I was practically ostracized from ‘the scene’ for that remark. But only the punkiest of punks commended me saying, “that was one of the most punk rock things you could possibly do.” And I realized that they were, in fact, correct by the purest definition of ‘punk’. It was all about be yourself, make no apologies, no filtering, no censoring. Well this endorsement from the scene’s most ardent punks kept me afloat, but it was clear that MOST of everyone didn’t get that at ALL and I was labeled as a glitter rock infiltrator of their punk rock ranks, a pretender, and (the worst insult of all) a SELL OUT! Looking back, perhaps I should have cut my hair. But I said it, and I’m sure it cost me a couple of drum gigs at the time, but I was glad I stuck to my guns because the truth of the matter is that Zeppelin really DOES rock god damn it and the Beatles ARE fucking brilliant! And no movement in the world can refute those 2 facts.
So as time would tell, it was my detractors that were exposed as the posers and are probably, just now in their advanced years, ready to admit that the Led Zeppelin that they grew up with, but eschewed for their new found punk rock attitude – or more accurately – succumbing to peer pressure, are actually really fucking good! But for 30 years, they forced themselves to not like them just to be excepted into a club that has long since lost it’s relevance. Dying trend followers can be quite stubborn at times… and very amusing.
The Dreaded Sell-Out Monker!
So in musical styles and trends and fads… we come full circle in public attitude and perception – right back where we started… making virtually no dent, over time, in the public vernacular as we so loftily hoped we would. This leaves us with only with a marked influence on fashion and the actual style of music played during that time, which tends to change religiously every 10 years no matter HOW punk rock you are. But for the HOLD OUT punks of the 80’s with your hair spiked up and Macy’s safety pin & zipper motorcycle jackets, at least you’ve got the wives of Coral Springs, Florida to blend in with fashion wise.
But hey, it’s inevitable! Those in the game long enough almost ALWAYS sell out. No?… is the suggestion here that Siouxie and the Banshees envisioned the “Kiss Them For Me” MTV video when Syd Vicious was playing drums for them in the early days and Sioux couldn’t carry a tune on an oil tanker? How about Elvis Costello, the “angry young man” of the late 70’s who was banned from SNL for a couple of decades because he sung Radio Radio on the air despite their emphatic instructions not to. Perhaps he never saw his collaboration with Burt Bacharach coming 30 years later.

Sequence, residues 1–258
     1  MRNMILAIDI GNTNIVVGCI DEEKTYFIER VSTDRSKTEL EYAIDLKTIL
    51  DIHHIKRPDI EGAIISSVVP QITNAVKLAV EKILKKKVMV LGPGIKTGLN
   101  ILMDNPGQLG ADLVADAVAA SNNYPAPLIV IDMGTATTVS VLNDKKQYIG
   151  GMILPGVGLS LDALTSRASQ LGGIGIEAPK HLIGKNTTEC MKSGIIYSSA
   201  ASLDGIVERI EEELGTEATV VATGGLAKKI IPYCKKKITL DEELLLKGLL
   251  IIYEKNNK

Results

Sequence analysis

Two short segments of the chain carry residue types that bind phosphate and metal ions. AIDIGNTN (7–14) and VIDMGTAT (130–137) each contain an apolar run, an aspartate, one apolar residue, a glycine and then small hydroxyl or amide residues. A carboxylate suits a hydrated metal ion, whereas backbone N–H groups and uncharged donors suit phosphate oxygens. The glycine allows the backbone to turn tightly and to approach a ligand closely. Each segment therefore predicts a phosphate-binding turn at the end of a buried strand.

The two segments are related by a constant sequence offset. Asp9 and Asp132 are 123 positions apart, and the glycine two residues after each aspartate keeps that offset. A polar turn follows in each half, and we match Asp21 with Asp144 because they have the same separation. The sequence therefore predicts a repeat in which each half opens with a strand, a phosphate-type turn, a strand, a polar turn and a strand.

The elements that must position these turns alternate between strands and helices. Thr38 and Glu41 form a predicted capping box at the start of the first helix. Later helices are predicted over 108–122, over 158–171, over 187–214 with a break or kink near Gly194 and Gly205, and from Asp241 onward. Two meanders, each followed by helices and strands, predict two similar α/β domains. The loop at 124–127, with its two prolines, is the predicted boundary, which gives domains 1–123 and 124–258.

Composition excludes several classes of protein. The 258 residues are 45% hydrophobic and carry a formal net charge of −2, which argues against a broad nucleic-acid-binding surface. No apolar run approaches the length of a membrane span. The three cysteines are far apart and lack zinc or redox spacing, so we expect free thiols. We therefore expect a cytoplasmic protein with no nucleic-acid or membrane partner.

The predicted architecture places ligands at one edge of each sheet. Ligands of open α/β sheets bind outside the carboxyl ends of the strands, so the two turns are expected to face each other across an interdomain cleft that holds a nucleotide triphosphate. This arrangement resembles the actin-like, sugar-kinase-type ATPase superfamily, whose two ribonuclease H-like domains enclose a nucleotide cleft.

Maybe Lou Reed never envisioned sharing the stage with Luciano Pavarotti to sing Perfect Day in 2001, 29 years after it’s release.
How about Led Zeppelin being honored IN the White House in 2012? I’m surprised they didn’t throw a TV out of the window to see if they could breach the bullet proof glass. And Paul McCartney?… ok, that’s a bad example.
Except for the very, very few who staunchly hold on to their early punk rock sensibilities, we all eventually sell out so we can latch on to the next big thing and then call people, who were just like we were a month ago, “POSERS”. And those old war horses like Johnny Rotten and Iggy Pop and the Ramones become caricatures of themselves, holding the torch for a time long forgotten, or at the least, shrouded in the present – which is as it should be from where I stand. Guys like that have no choice but to drift quietly off into punk lore insignificance with the inevitable march of time, except in the hearts and minds of those of us who were fortunate enough to be there at the time, during our most formative years.
It is we former punks who look fondly back and tip our hats with respect, admiration and thanks. But that’s where the thanks end for those salty war horses that don’t or WON’T sell out. Sadly, those thanks are often not enough for a 60-something former-rocker who just wants to settle down and live comfortably for the next few decades. It’s unavoidable, eventually, REAL life gets ahold of you.